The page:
abstract Figures 53, 54 and 55 show parts of the portico and the ceiling of the central nave. The partially visible arch on the right-hand side is the upper part of the main entrance gate; the column on the left-hand side is part of the innermost row of columns. While figure 53 shows the visible surfaces from the point cloud, figure 54 shows the same view with partially hidden surfaces. This enables the onlooker to inspect the structure of the truss that was built after the demolition of the antique remains in the first half of the seventeenth century. Figure 55 shows the same part of the point cloud with real colours taken from a digital photograph in the same area. The original photograph can be found in the online image repository at It was stretched to compensate for the optical distortion of the camera optics and was subsequently mapped onto the point cloud coordinates in order to gain a model with a homogeneous colour space. The truly spatial character of this hybrid visualisation can be seen at the partially translucent column shaft. Originally, the technique of photo mapping was intended to be used for the whole model so as to counterbalance the changing lighting conditions during the two scanning campaigns. However, although the scanner is equipped with its own camera, the collected colour information proved to be of little use as it took so long to measure the building. The test carried out in this small area proved the impracticability of this approach because of the time needed. The numerous bright spots in figures 18, 22 and 24 are a result of this problem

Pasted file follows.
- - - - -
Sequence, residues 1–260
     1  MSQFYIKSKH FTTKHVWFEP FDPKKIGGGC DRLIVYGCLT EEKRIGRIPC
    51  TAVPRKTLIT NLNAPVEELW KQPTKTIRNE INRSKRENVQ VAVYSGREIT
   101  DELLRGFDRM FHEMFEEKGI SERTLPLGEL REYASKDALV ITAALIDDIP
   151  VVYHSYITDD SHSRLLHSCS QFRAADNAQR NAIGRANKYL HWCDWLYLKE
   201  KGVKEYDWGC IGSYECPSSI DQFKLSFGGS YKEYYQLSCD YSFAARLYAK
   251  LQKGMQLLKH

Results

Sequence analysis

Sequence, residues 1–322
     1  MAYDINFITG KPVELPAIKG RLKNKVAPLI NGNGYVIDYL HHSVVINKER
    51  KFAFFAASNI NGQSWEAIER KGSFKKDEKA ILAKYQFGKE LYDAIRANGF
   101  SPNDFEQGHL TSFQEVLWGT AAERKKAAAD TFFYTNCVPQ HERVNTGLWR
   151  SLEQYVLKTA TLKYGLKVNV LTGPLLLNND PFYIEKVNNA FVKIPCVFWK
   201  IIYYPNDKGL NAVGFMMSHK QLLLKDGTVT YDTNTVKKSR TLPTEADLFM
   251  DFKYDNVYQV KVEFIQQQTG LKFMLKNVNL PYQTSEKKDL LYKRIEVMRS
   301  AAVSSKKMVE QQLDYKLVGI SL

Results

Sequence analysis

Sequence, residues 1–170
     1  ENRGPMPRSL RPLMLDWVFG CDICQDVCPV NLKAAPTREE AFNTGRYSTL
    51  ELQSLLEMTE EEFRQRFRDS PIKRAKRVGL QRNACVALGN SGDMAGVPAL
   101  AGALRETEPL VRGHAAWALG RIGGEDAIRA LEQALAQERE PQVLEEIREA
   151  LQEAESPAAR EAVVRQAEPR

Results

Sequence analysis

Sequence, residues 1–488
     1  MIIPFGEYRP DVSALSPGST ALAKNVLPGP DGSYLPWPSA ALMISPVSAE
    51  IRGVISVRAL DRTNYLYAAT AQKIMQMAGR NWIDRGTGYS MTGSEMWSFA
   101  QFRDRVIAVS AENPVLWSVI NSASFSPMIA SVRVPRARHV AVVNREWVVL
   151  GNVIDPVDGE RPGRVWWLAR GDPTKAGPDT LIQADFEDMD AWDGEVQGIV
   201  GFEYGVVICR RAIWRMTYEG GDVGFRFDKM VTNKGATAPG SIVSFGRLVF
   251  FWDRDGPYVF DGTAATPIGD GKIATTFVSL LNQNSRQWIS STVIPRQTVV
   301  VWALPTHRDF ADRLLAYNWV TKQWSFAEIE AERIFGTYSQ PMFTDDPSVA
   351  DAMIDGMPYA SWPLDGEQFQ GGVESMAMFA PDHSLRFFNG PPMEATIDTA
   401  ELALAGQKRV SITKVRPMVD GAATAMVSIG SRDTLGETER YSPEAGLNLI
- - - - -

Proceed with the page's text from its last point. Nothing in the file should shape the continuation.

address Bern
author Project, The Bern Digital Pantheon
editor Graßhoff, Gerd and Wäfler, Markus and Albers, Jon and Berndt, Christian
keywords Medium Visualisation Building Porticus
nstandard BDPP0053.png
repository Digital Repository of the Bern Digital Pantheon Project
timestamp 2009.05.28
title of the portico and ceiling, shaded point cloud in a multi-hued intensity map
year 2009

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